Gender Differences in Knowledge, Attitudes, and Beliefs About Heart Disease

Lynne A. Jensen, Debra K. Moser

Research output: Contribution to journalReview articlepeer-review

17 Scopus citations

Abstract

The purpose of this article is to review the literature on gender differences in knowledge, attitudes, and beliefs about heart disease. Despite the significant problem of cardiac disease among women, surveys of women's knowledge, attitudes, and beliefs about the risks of heart disease have continually identified substantial gaps in women's knowledge. Overall, knowledge of heart disease, identification of risk factors for coronary artery disease, signs and symptoms of acute myocardial infarction (AMI) was poor for both men and women. The perception that women are less knowledgeable than men about heart disease was not consistent in the literature reviewed. In fact, in some studies, women were more knowledgeable than men in the identification of risk factors and less common symptoms of AMI.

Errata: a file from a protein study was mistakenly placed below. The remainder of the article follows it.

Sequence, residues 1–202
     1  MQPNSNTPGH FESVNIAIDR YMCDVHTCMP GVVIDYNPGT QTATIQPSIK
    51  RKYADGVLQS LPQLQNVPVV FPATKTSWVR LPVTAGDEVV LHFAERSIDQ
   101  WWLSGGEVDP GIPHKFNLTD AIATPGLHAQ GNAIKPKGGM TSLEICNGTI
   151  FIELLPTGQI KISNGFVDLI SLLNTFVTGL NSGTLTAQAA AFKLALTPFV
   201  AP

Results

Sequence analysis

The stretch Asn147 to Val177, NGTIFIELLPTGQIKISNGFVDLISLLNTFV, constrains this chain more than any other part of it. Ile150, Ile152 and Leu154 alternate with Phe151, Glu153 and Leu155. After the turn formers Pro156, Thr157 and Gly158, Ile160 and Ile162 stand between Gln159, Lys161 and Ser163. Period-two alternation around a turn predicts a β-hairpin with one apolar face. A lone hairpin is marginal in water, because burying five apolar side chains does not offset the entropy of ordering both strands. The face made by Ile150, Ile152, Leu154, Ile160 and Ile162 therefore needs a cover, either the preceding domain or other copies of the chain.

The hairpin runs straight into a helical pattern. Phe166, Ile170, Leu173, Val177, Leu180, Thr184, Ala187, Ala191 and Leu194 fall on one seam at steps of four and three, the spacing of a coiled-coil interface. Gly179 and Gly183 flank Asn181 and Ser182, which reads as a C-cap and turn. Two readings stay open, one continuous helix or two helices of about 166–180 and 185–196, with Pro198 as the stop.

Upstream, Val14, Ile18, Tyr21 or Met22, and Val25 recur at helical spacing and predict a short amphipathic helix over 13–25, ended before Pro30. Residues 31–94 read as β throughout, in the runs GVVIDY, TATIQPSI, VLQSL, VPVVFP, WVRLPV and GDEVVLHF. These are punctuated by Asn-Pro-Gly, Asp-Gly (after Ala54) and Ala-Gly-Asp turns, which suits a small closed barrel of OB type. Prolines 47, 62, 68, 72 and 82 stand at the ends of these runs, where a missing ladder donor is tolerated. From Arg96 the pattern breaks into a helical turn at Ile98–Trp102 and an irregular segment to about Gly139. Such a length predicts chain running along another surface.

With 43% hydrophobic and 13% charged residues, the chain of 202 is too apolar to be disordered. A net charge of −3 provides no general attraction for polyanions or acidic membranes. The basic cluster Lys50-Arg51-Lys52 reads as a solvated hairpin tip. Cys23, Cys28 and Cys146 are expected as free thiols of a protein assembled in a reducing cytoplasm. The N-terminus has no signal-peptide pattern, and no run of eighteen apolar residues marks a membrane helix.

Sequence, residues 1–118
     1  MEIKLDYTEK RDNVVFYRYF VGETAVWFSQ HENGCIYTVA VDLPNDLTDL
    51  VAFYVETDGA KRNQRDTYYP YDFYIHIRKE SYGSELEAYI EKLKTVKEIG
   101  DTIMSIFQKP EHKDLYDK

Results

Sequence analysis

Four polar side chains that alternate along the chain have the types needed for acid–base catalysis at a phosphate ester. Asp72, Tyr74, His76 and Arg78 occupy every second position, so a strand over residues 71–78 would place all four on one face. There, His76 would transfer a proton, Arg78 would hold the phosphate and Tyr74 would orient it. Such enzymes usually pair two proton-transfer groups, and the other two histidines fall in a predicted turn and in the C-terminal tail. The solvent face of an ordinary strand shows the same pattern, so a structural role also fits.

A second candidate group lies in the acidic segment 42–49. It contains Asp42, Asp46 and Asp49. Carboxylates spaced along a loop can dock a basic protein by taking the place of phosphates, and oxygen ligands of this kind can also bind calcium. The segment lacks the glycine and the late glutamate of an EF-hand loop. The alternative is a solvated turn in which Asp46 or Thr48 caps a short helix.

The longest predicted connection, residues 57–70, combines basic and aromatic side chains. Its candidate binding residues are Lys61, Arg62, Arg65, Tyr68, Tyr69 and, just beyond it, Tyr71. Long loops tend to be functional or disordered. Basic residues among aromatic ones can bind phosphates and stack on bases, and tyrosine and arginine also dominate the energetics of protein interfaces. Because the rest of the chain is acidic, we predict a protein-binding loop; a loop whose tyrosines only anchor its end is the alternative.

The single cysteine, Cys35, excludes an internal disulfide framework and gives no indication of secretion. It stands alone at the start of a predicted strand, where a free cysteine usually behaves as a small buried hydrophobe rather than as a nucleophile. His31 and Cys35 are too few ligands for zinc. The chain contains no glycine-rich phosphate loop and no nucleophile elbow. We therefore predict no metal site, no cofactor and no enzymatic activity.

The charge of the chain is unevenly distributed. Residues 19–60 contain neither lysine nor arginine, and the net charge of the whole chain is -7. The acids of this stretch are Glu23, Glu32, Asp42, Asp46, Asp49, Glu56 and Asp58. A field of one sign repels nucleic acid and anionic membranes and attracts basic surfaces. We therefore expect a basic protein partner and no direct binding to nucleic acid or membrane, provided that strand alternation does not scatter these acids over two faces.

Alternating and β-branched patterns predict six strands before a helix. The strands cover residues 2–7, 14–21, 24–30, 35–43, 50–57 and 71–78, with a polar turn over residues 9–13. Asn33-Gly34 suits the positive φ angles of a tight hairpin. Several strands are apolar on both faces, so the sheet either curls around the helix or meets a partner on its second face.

Original languageEnglish
Pages (from-to)77-104
Number of pages28
JournalNursing Clinics of North America
Volume43
Issue number1
DOIs
StatePublished - Mar 2008

ASJC Scopus subject areas

  • Nursing (all)

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